This combination was good enough to produce 300+ horsepower rocketing the Camaro down the quarter-mile at a consistent 13.50s at 104mph. This may not seem like much now, but in the early 90s, that would have been faster than any Corvette, Firebird or Mustang that was coming off the assembly line at the time.

Other problems the Camaro RS police package encounter were the sticker prices. At $29,000, that would have made the Camaro a much more expensive ride than its competitors. So Chevrolet decided the best thing to do was to produce the Camaro, but take off all of the extras except for the heritage strips and the 25th Anniversary emblems.

With only two being built, these Camaros would be a couple of the rarest Camaros out there today. But, unfortunately, since they were never put into production and they were only considered as prototypes, they may be rare, but they are not considered very valuable.

If they were put into production, would they have been one of the most collectable Camaros of all time?

I guess we'll never know.

Thursday, March 28, 2019

1968 COPO Camaro Z28 Convertible: The Rarest Camaro Built















Rich With Words LLC


1968 COPO Camaro Z28 Convertible

This 1968 Z28 convertible was a signal ordered (1-of-1) COPO Camaro built specially for Chevrolet’s General Manager Elliott "Pete" Estes.

1967 was the first year Camaro made its debut in the auto industry market. In '67, Chevrolet only built RS and SS Camaros for driving purposes and built Z28 Camaros for the SCCA Racing Circuit. The Z28s were not cars you could buy at the dealership or drive legally on the streets.


Vince Piggins, Chevrolet's Manager of Product Performance at the time was ready to change that for '68, but the only way he could get the Z28 into regular production as a street-legal car was to get Estes approval.


So Piggins plan was to give Estes a Z28 to drive with hopes he would fall in love with it. The only problem was Z28s were only designed as hard-tops and Estes only drove convertibles. Piggins knew if he gave Estes a hardtop to drive, he would park the Camaro in a company garage where it would sit until someone else moved it.


Piggins decided to fix that problem by rolling the dice and building Estes a convertible 1968 Camaro Z28, the only 1968 Z28 convertible that would ever be built. The gamble paid off. Estes drove the Camaro as a daily driver and loved it, in fact, he loved it so much he gave the go-ahead for a full line of regular production Z28s for 1968.


Where is the 1-of-1 1968 Z28 Convertible Now?
After Estes sold the Camaro in December of '67, this beautiful rare Camaro was not really known to the public as it spent more than 20 years being sold back-and-forth to front office GM employees. But in 1991, the Camaro made it to a public auction and at that time became the highest selling muscle car of all-time with the hammer dropping at $172,000.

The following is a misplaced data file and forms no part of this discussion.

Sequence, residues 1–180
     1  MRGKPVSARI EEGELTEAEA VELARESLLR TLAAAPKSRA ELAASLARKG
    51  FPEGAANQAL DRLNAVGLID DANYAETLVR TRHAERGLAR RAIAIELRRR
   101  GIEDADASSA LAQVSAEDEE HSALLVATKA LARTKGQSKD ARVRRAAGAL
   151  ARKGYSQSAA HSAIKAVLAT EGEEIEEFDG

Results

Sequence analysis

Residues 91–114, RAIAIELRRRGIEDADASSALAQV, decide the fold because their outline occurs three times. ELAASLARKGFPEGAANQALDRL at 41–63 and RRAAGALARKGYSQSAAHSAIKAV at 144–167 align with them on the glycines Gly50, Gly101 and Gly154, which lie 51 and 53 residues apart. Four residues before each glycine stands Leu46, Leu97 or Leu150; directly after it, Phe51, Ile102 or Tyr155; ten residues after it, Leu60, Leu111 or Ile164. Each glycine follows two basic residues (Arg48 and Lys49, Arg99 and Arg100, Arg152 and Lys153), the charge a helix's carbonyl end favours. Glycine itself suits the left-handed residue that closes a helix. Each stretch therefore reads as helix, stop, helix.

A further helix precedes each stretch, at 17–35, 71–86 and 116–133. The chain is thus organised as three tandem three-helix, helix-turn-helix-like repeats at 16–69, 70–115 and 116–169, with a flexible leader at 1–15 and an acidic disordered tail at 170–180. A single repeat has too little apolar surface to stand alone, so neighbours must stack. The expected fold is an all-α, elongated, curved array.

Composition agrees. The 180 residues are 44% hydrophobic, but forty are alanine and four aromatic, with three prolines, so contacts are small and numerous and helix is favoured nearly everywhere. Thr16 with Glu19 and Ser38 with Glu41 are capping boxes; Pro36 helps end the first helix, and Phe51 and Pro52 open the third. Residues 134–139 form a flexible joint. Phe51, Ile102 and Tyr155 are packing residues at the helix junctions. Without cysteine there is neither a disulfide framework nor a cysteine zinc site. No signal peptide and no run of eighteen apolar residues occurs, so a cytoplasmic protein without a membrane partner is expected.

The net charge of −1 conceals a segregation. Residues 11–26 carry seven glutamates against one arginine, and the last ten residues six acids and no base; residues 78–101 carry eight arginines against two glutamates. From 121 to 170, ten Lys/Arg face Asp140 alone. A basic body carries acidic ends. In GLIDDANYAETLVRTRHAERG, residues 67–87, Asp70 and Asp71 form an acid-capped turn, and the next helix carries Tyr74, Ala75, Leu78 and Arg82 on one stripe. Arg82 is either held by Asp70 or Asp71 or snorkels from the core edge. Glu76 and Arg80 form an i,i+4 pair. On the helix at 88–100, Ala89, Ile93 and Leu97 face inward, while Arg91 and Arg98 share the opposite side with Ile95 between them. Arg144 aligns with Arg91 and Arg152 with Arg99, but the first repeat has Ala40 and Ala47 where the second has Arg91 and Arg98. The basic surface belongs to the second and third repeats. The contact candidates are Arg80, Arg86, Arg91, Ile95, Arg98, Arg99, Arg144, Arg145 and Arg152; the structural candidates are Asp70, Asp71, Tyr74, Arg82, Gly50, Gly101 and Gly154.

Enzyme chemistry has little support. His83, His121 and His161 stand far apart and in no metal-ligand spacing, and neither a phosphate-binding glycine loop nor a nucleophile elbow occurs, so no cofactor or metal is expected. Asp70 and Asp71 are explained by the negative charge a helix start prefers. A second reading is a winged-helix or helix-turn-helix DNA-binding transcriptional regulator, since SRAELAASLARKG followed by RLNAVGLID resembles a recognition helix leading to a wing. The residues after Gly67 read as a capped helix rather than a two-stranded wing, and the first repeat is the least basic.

Unfortunately for the buyer, Al Maynard, when the purchase was made, he realized all of the Z28 special parts had been removed and the Camaro was put back to RS trim. But Maynard had a plan for that, he bought another Camaro equipped with everything that originally came with the Z28 back in '68 and put the car back to its original being.


Maynard said, "This is the Pete Estes car! It has all the original sheet metal with absolutely nothing out of place. Everything is date coded correctly, and every piece is absolutely correct. It is the only one in the world." This Camaro is truly a gem and in today's standard, if a Camaro like this rolled across the Barrett-Jackson Auction block it could possibly fetch about a million maybe more.





Special Parts:
  • Folding Rear Seat
  • Auxiliary Console-Mounted Instruments
  • Auxiliary Lighting
  • Power Windows
  • Remote Outside Mirrors
  • Custom Seat Belts
  • Positraction
  • 1969 Prototype Fiberglass Hood
  • Cross Ram Air Hood
  • Coated Factory Headers
  • Performance Suspension Package
  • Four-Wheel Disc Brakes
  • Blue Light Stereo Radio

It’s always a good thing when a piece of car history ends up in the hands of someone who knows what it is and appreciates it the way it should be appreciated. Hopefully this COPO 1968 Camaro Z28 convertible sticks around for many generations to come.

Rich With Words

Friday, March 15, 2019

eCOPO Camaro: The Future Of Drag Racing?


Rich With Words LLC

You won’t see this at the drag strip every day, an all-electric eCOPO Camaro beating its original record-breaking quarter-mile times of low 10’s by dipping into the 9’s. It’s an eerie sight to see, a COPO Camaro that usually sounds like a monster do a smokey burnout, a front wheels-up launch, and a 9-second pass without barely making a sound.


The eCOPO Camaro was hitting 10.14’s (give or take) regularly with 80-percent juice being fed to it. No one knows how much juice was being fed to the Camaro when it made its groundbreaking 9-second pass, but whatever the case, the eCOPO stopped the clocks at 9.837-seconds and cross the traps at 134 mph.  


The eCOPO Camaro was debuted at the 2018 SEMA show last October. The Camaro uses the same body structure and body design as the standard COPO Camaro that Chevrolet offers to private drag racers and drag racing teams for the NHRA Eliminator class. This electric setup Camaro even uses the same three-speed automatic transmission and solid rear-axle as its sibling COPO.